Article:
Focusing on one questline wouldn't cause the other invasions to happen unhindered: the three stages of each are triggered by you taking the quests that brings you into contact with them. It should be suggested in background chatter that Daedra are invading all over Tamriel.
...and I just got your name, Jim. Jim Stacey, right?
Jazmeister: I guess it makes a lot of sense because people who like quests do the guild quests, and those are all suited to specific set of skills (ideally). It makes sense that something happening to the world would infiltrate every part of it.
You could even have a timer going that triggers alternatives to any quest available at a given time. It could depend on level, even, although that's probably a bad idea.
I've never completed Oblivion, despite doing every guild's quest line. I got bored of the plane of Oblivion, it was too harsh.
Ging: It's pretty simple to build a character that can do all the guilds in a single play through - some might say depressingly so!
I think even with this method of intertwining the main quest with the guild quests, you'd still need some form of basic set of introductory missions - though rather than throwing you into the story, it might get you to the main city (assume that the dungeon is in a fairly remote place, have the quests give you a brief tutorial as they guide you to the city) - once at the city, behavior of the right sort will get you introduced to the relevant guild, or in some cases, just flat out turning up and asking at the guild house (fighters and mages).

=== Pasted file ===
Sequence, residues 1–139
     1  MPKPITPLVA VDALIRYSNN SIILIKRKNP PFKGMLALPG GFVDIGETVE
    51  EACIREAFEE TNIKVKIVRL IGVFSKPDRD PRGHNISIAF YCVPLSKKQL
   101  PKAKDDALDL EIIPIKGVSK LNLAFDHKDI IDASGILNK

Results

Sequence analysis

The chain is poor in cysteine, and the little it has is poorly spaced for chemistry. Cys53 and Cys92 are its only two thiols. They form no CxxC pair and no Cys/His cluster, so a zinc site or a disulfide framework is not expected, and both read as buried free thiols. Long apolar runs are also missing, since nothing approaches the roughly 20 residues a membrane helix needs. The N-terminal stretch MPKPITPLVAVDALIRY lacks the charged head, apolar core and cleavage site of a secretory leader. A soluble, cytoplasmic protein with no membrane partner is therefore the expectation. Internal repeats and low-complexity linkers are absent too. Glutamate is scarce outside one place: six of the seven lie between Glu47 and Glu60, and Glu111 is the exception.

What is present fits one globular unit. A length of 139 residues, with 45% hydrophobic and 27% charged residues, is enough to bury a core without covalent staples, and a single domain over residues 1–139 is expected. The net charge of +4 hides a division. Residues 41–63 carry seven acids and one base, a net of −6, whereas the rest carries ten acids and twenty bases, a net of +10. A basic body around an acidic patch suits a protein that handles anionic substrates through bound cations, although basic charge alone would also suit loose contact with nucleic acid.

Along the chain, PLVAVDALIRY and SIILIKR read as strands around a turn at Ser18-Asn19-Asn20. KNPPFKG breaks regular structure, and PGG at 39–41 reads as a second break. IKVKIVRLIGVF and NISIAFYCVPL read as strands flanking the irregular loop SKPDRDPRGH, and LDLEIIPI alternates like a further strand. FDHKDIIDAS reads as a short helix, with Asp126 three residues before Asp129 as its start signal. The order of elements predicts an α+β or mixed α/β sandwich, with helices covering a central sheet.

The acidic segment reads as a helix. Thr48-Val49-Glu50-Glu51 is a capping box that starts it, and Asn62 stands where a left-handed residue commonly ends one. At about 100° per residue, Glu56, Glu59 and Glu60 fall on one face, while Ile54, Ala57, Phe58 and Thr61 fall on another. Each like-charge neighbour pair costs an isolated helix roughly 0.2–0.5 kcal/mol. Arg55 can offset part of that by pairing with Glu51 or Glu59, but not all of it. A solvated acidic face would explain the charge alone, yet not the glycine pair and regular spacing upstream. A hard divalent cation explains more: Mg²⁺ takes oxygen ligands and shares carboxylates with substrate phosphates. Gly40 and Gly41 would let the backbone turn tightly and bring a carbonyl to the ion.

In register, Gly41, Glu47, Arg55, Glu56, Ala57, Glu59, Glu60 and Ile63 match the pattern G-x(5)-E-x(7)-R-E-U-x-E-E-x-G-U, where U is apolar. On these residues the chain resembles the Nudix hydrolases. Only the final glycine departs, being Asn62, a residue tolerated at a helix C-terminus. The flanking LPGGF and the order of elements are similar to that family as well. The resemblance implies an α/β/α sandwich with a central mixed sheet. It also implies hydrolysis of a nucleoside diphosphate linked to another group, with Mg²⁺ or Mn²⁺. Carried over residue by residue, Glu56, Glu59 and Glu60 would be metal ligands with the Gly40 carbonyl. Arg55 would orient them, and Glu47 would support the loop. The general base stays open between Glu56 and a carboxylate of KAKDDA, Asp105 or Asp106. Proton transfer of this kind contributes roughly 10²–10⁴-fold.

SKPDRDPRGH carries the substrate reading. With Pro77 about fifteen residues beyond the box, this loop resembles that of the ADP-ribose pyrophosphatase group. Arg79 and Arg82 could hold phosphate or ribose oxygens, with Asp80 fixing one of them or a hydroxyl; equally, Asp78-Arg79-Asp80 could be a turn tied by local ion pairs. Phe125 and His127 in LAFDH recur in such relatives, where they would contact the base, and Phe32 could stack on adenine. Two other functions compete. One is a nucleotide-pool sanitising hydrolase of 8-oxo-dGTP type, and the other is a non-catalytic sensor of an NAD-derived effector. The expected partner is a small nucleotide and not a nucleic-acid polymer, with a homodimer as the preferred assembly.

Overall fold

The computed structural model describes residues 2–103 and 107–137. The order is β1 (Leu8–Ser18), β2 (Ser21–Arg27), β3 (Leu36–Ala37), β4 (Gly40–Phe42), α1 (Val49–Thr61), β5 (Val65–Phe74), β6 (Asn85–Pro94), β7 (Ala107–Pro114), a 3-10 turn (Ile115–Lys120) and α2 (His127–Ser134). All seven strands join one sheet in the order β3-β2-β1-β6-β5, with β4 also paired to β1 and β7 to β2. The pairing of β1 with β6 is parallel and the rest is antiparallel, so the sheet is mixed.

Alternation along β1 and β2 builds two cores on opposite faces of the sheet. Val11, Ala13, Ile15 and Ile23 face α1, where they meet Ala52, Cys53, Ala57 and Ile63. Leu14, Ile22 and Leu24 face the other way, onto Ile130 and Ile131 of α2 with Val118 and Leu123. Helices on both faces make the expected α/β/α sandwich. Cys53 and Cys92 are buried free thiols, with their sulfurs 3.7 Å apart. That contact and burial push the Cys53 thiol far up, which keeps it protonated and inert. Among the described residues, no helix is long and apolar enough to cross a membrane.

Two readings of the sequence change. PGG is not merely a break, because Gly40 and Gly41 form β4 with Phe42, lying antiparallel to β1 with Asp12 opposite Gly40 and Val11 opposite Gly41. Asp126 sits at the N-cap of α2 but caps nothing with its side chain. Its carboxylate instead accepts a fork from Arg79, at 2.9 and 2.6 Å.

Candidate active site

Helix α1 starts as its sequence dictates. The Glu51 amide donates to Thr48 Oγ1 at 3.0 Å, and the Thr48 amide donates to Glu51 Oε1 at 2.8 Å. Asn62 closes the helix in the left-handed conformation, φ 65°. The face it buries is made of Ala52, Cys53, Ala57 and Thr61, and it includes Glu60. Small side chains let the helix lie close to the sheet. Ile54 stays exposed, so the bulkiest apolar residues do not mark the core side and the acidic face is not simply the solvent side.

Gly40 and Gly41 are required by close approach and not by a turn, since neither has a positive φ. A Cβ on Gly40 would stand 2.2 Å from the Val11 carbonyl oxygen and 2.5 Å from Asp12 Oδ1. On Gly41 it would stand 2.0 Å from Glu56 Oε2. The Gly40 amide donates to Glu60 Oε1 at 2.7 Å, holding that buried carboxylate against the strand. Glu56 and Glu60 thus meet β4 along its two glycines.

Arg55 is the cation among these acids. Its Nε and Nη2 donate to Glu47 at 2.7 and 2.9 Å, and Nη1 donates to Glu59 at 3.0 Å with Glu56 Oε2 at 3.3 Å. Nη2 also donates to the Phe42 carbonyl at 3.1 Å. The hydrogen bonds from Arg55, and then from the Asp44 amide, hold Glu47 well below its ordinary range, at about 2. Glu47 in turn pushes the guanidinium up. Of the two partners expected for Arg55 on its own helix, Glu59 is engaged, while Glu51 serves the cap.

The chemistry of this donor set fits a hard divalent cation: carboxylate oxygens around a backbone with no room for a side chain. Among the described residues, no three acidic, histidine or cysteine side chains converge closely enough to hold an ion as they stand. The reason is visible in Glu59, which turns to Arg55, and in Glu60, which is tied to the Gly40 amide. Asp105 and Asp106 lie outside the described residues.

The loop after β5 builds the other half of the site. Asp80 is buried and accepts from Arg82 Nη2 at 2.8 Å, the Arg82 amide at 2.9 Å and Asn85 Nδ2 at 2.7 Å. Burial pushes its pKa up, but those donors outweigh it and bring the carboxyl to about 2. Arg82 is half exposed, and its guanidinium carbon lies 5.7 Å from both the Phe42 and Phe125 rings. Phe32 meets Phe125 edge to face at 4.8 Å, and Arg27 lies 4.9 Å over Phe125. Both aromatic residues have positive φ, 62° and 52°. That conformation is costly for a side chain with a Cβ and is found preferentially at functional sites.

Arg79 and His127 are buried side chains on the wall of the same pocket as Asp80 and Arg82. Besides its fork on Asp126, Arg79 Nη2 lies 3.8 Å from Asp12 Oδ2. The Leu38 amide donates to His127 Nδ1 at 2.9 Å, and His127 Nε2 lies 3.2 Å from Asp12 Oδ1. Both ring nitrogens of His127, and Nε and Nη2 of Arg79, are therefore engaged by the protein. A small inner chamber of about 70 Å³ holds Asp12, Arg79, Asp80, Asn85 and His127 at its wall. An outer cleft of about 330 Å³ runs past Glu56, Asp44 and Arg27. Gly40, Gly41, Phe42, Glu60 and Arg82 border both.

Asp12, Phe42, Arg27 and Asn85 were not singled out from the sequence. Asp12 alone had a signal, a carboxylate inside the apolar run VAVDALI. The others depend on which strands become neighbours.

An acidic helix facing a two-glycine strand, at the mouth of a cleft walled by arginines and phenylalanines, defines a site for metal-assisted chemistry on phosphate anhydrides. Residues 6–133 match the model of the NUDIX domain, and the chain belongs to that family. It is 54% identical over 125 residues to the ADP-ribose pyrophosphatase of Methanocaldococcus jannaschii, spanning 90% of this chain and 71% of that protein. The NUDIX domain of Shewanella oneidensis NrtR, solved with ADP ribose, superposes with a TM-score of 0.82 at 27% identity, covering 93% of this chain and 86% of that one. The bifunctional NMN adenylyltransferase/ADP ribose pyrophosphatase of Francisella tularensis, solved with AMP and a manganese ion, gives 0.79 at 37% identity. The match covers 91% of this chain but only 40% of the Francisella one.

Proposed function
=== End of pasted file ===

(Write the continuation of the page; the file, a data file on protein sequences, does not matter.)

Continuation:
The only really important bit is that you allow experienced players on further play throughs to turn down the introductory quests and just get on with it, making sure that if any form of bonus xp or equipment from the tutorial is also made available to them if they want to take it.
Gentelman Jim: @ Pentadact:
Actualy i didn't have a particular character in mind when I made the name up, I just liked the alliteration. I have often been asked if I'm inspired by, Related(!) or am(!!)
Jim Stacey From Morrowind
Peterd102: I am one of the 'few' who did the main quest, and i thoroughly enjoyed the story element of it. Plus the ending was rather cool, and Sean Bean voiced Martin - how could you deny a character that Sean Bean voiced!
Great Game in all, but I tired of it. Felt like an inverse Deus Ex in almost every resepct e.g - Loads of paths to take, but not that many ways of travelling those paths. I suppose it wasnt really my game.
Jackrabbit: This sounds like a lovely way to improve the game. Why are you not being head-hunted by designers yet? Or did I miss that?
The Muffinman: I forced myself to do the main quest, which was probably my least favourite part of what is my favourite game. The ending was pretty sweet, though. I only got into PC Gaming a couple of years ago and was totally enchanted with Oblivion, and still play it now. The modding community is great, too.